Impressions from Obama's speech and the republican response:
Frak it, lets go big. I mean the guy is gonna cure cancer, halve the deficit, and fix energy, healthcare, education and the economy. I applaud the boldness with which he makes these statements. Now is a time for boldness. But damn! Its big stuff and Obama runs a real risk of massively overpromising. You can credibly make the argument that the stimulus bill did not go far enough. So if he promises way beyond his ability to deliver, he's going to be punished for that by the electorate. But I like that he says it like he thinks he can do it. Now Mr. President, stand and deliver.
The republican response:
Bobby Jindal was charged with the republican response. I've heard good things about Jindal and I'm inclined to like him because he is a wonky sort of a guy. Tonight was his introduction to the national stage and to a large number of people who have never seen or heard of the guy. It was not an auspicious beginning in my view.
The opening few seconds of his rebuttal were jarring for me. First, he comes walking out and he's this skinny brown skinned guy and he looked quite nerdy and geeky. Then, to make it a tad freakier, he starts talking and this Louisiana accent is coming out of this skinny brown nerd face and he's trying to be folksy while he reads from the teleprompter and it did not quite work. So his tele-mojo was not really clicking. So he gets no points for style.
On content and theme, I have to say it was a miss for me too. The theme was an old GOP favorite. Government is bad, government is the problem. I'm sorry, but I don't think that old saw is adequate to the rhetorical challenge of Obama nor the concerns of the electorate for action. I think that when the GOP says government is the problem, government is bad, what the electorate hears is "do nothing". The problems confronting us are perceived to be huge and require something as huge to address them, and in this case, thats the federal government. There is a role for the government and to talk as though there is not I think is a big miss.
On content, some real missteps too. For starters, the emphasis on race and talking about Obama as the first black president. His blackness is evident to us all, we just got finished being cheesed off by Holder's ham fisted comments on the subject and Jindal comes out leading with some schtick about how glorious it is that we have a black president? I think the country has already pretty much absorbed the novelty of that and is trying very hard to get on with business. I think the country regards him as "the President" and is rapidly permitting his color to fade away into the background. I think much of America already finds the non white reality of the President to be routine, unremarkable and not particularly worthy of comment. Its America, we have a black President....and?
Why do I call Jindal a liar? Because of this statement:
"A few weeks ago, the President warned that our nation is facing a crisis that he said ‘we may not be able to reverse.’ Our troubles are real, to be sure. But don’t let anyone tell you that we cannot recover — or that America’s best days are behind her."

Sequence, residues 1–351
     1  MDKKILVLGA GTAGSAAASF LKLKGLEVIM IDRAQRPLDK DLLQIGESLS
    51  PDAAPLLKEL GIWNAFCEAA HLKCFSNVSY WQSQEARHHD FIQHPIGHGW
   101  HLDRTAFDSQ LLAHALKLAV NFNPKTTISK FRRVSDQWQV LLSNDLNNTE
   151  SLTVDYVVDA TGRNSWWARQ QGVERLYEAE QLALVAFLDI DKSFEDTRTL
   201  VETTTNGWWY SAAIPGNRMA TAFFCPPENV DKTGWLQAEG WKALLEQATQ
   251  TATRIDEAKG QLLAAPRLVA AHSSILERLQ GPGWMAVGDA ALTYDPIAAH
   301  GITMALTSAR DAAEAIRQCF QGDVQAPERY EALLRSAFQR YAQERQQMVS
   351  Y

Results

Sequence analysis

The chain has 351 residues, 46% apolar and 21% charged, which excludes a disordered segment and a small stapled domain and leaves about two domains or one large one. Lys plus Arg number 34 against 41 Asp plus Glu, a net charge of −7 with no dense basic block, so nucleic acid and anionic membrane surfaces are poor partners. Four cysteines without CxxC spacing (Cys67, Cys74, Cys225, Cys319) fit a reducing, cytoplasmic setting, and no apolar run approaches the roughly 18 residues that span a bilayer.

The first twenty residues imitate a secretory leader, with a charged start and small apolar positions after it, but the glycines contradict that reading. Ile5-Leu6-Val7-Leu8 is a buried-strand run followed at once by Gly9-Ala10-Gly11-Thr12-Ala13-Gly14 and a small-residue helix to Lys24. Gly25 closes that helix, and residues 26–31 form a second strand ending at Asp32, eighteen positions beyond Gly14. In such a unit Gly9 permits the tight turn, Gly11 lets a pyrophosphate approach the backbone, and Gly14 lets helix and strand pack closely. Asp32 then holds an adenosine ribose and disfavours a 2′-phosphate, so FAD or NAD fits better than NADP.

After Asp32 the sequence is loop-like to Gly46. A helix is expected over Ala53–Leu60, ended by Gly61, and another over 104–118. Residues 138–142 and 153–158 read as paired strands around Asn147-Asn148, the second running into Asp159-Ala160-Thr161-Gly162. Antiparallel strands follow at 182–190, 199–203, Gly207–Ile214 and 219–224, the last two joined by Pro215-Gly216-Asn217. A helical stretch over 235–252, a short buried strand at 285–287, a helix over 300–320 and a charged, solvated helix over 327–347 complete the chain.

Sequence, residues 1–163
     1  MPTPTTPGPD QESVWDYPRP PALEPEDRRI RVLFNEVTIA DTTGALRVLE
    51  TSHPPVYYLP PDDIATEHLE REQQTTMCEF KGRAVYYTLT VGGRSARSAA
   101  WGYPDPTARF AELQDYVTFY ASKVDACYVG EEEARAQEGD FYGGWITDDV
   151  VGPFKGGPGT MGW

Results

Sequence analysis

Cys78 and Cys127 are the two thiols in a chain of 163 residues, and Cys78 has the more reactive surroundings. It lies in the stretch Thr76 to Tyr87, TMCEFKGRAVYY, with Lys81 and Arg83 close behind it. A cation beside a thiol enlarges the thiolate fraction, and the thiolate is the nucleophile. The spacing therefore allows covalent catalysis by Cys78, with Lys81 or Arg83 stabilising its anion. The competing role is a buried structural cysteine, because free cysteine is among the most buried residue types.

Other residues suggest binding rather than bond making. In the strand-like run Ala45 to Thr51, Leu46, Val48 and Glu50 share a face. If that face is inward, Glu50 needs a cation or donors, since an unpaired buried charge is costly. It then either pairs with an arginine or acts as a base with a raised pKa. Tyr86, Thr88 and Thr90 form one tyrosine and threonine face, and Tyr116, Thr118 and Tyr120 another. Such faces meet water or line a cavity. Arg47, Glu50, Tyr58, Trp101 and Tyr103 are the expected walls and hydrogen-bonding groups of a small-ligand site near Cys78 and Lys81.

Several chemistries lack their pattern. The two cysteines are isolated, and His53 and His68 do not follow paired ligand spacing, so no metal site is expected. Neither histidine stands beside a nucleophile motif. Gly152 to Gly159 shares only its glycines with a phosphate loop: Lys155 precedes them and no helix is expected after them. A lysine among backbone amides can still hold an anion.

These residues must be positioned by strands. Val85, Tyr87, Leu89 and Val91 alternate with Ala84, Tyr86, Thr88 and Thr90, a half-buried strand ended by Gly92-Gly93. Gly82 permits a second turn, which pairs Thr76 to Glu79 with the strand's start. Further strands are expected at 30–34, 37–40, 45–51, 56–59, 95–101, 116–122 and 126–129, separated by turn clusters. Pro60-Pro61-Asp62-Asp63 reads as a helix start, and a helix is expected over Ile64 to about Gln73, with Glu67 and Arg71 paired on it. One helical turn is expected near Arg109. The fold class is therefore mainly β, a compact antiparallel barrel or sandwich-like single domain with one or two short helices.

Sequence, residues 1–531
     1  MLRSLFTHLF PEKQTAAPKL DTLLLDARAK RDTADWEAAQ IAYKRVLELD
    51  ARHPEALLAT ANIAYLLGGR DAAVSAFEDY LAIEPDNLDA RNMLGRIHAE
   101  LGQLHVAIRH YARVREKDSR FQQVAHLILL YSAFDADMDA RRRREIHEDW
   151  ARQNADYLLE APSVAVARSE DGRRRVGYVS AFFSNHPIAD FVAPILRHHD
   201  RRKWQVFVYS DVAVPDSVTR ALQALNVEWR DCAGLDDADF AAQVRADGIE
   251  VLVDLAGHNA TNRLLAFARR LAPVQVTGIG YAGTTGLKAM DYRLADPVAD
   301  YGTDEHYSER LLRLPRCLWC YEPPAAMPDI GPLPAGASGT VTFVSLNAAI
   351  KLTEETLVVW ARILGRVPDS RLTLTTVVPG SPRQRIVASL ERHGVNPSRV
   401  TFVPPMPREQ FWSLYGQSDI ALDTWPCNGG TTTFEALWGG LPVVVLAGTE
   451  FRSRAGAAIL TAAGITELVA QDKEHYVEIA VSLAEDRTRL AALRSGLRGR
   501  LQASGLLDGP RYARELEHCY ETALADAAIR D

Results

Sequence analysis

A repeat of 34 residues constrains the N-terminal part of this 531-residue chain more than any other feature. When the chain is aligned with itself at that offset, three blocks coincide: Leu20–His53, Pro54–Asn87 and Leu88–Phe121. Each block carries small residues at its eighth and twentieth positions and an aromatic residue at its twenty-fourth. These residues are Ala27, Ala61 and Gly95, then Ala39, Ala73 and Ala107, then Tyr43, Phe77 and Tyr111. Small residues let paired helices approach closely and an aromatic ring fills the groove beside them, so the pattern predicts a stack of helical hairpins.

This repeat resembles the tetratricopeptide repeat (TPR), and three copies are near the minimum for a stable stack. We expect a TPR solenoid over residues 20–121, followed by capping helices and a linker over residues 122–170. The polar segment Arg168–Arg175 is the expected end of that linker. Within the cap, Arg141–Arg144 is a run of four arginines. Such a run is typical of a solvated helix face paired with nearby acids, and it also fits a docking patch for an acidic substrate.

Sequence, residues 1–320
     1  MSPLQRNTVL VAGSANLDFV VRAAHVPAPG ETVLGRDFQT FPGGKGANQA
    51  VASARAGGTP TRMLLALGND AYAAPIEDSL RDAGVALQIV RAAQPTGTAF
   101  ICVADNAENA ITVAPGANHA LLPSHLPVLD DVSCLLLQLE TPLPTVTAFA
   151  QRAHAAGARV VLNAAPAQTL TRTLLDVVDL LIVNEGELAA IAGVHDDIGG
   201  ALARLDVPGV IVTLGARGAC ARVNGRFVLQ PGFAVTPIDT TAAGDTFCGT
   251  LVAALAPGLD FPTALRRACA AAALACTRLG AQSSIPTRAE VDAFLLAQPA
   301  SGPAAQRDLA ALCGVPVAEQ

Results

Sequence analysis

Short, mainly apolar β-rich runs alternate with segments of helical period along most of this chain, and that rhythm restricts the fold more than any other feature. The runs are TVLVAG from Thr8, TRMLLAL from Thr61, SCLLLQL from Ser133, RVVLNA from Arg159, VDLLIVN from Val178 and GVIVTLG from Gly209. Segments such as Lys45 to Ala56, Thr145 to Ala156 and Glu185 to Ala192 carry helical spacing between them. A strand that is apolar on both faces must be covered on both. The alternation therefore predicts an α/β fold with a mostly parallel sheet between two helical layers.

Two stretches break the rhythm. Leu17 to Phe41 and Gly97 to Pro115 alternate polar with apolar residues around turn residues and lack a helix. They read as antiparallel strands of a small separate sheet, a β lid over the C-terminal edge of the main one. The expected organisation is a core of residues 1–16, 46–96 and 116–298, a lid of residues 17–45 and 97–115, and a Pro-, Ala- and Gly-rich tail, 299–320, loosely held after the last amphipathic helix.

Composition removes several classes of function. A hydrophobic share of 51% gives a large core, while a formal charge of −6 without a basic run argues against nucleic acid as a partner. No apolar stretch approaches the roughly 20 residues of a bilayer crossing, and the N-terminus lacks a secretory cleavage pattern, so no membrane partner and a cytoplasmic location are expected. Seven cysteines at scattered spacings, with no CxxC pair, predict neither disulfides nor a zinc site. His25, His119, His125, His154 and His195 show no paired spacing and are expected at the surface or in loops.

The President did not say, nor did he imply that the US cannot recover or that America's best days are behind us. Simply never did. It was a lie. Jindal's use of this phrase along with his repeated assertion that "Americans can do anything" was an attempt once again to rhetorically paint Obama as un-American. There is no shortage of legitimate issues upon which to disagree vehemenently with the President. This continued insinuation that Obama is un-American as a political tactic of opposition is quite dissapointing and angers me. We don't have time for it. And considering that the use of such tactis resulted in the GOP's defeat in the election by a margin of 192 EVs, I'm waiting for somebody to get the frakking memo. Being a liar in your national introduction is not great
As he was closing, Jindal also said the following:
"You elected Republicans to champion limited government, fiscal discipline, and personal responsibility. Instead, Republicans went along with earmarks and big government spending in Washington. Republicans lost your trust — and rightly so."
Michael Steele made a similiar statement about trust while on the Glenn Beck show recently and hearing Jindal say it gave me an epiphany about why the GOP's time in the wilderness may be long indeed. Republicans were running the show for six of the last eight years and in that time, did not distinguish ourselves as the party of fiscal discipline whatsoever. Now, we rail against the profligate spending of the One and the democratic congress, but we've lost all authority and standing to criticize the democrats on this issue. It simply rings hollow. We have been exposed as being nothing more than politicians who will spend the taxpayer's dime just as easily as a democrat will, making us therefore indistinguisable from them and it renders our attempts to be a unified opposition on spending and fiscal prudence very empty sounding. Bottom line, we are simply not believed on these issues, because when it was our turn, that is not how we behaved. And that is why we fail to get any major traction with such arguments against the One.